All of this legal wrangling regarding Alden Foster and the head football coaching job at Amite High School had its roots in the Jim Crow South and the push for African Americans to have equal access to a system that was supposed to be equal for all citizens from the get-go.
However, Foster’s involvement in the federal case against the Tangipahoa Parish School System and the subsequent ruling in his favor has its beginnings on the sidelines of Russell Memorial Stadium in two totally different time periods — way back in 1983, and weeks before the start of the 2006 season.
It was way back in 1983 when Foster first began developing his love of football, spending his time as a team manager for his beloved Amite Warriors and head coach Gary Hendry. That time shagging balls, carrying water and putting up shoulder pads gave the young Foster a dream — a dream that one day he would be in Hendry’s position, leading the charge of purple and gold to gridiron success.
“We didn’t have biddy leagues, and I just loved football so much,” Foster said.
Foster’s love affair with the game began two years after John Williams finished his tenure as Hammond High’s head football coach. Williams, the only black head football coach in the integration era, led the Tors from 1977 to 1981.
Foster grew up, going from team manager to standout player for the Warriors before playing collegiately at Southern University. He still remembered what Hendry, his old coach, told him — get an education and then become a head coach.
He did just that, taking the reins across the parish line at St. Helena Central and turning the Hawks into a Class 2A power as he went 65-49 in 10 seasons. That run included a trip to the Dome in 2004 before barely missing the playoffs in his last two seasons.
Then came those two weeks before the start of the 2006 season.
Donald Currier abruptly stepped down as Warriors’ head coach. Doug Misita led Amite as interim coach in the ‘06 season, finishing 5-4 in the regular season before losing to Catholic-New Iberia in the first round of the Class 3A playoffs.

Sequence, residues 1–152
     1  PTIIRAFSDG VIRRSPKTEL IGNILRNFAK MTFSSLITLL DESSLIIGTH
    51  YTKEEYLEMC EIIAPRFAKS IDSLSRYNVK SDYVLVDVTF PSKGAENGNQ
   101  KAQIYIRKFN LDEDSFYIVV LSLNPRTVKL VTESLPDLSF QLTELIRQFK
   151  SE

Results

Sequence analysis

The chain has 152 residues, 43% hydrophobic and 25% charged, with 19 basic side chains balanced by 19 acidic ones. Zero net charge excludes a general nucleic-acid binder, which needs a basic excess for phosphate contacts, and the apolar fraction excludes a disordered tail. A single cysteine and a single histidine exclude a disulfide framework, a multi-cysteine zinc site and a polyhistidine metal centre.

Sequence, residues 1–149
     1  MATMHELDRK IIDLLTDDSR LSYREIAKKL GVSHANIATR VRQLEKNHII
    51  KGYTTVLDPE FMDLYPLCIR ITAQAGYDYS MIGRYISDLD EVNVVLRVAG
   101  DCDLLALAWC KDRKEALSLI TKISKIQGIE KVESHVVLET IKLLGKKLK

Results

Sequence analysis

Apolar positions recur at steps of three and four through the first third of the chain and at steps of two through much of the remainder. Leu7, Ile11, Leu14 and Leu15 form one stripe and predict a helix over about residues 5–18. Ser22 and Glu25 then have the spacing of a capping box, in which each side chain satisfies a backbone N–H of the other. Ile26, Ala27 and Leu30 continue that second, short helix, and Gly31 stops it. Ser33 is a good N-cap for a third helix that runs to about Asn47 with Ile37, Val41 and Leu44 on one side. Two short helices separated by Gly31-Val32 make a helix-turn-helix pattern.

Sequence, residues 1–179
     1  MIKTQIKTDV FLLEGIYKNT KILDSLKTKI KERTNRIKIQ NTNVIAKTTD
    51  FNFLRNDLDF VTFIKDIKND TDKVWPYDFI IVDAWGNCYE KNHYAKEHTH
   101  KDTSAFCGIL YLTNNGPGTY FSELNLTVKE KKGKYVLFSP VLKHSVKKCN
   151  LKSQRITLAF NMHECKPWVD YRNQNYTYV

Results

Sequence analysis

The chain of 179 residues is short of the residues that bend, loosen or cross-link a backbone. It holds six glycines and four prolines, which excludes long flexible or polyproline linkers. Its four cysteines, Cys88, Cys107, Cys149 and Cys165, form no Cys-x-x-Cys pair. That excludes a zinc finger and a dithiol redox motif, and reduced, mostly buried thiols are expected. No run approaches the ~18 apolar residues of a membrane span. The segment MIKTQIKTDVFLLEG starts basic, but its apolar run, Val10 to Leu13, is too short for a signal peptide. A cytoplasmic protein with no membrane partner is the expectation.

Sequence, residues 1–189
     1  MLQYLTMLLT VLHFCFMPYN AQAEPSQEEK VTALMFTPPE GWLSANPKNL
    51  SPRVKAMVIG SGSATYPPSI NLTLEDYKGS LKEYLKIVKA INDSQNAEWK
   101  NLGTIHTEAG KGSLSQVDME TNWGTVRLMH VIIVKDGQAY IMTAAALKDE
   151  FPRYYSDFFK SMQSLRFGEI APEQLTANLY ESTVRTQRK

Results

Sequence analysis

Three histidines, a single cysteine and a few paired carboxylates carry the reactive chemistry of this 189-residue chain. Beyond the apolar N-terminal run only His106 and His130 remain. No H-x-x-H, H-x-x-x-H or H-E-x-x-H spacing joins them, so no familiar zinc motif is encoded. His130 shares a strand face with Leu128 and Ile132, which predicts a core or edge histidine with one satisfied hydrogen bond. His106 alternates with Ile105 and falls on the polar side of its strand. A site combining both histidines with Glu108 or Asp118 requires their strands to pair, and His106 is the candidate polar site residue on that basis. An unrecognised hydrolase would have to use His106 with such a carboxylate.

Following that season, a vacancy at the helm of one of Louisiana’s top prep football programs in terms of success and talent.
Foster’s dream looked like it was in sight, and who can blame someone from wanting to go back home? He applied for the job, looking to have the opportunity to coach his alma mater. Amite assistant coach Mark Vining, himself a former Warrior, also applied for the job with the hopes of taking the helm of his beloved alma mater.
The two men, bonded together for their love of Amite High football and their mutual desire to lead the Warriors, put themselves through the crucible of an evaluation process mired in the imperfections of post-integration politics — politics resulting in things such as busing, changing schools, retracing attendance zone lines, majority-minority transfers, white flight and something called a “40/60 ratio” being used as a guideline for hiring coaches.
According to reports, U.S. District Judge Ivan L.R. Lemelle cited factors that influenced his decision — including the school system’s history of not hiring black head football coaches, the sometimes subjective nature of the supposedly objective hiring criteria, and a complicated formula for evaluating applicants’ past performance that could produce lower-than-expected scores.
To put Lemelle’s rulings into layman’s teams, Foster got screwed. However, Foster was not the only person to get shafted by the system.
Vining, who coached the Warriors to the Class 3A state semifinals and lost to eventual state champion Parkview Baptist, got the proverbial wood as well. This ruling will probably mean he gets slapped with the “just because he’s white” label by some people.
Although Vining scored highest in the hiring process, who knows how the scores would have turned out if things were done correctly and on a level playing field? Would he have scored lower than Foster or higher?
The same could be said in Foster’s case, in which he will get slapped with the “he got the job because he’s black” label by some people. Would he have scored lower or higher than Vining if the playing field was truly level and things were done correctly?
Let’s not forget the players gearing up for a spring with the possibility of being led through it by the fourth head coach in as many years. No matter how talented the players are, the uncertainty of who will coach them in the upcoming season hangs on their minds constantly.
All of this legal wrangling puts a cloud over Foster, Vining, Amite High School and the Tangipahoa Parish School System. It is a total disservice to Foster, Vining, the players and the Amite community.
The only thing that could lift that cloud hanging over 403 South Laurel Street is the community rallying around the game that Foster fell in love with as a child, a game that identifies Amite as much as anything else.
“You dream of a job like Amite,” Foster said. “You’re going to have talent and you’re going to have kids with the passion for the game. That passion you can’t teach elsewhere is already instilled in these kids at Amite from day one.”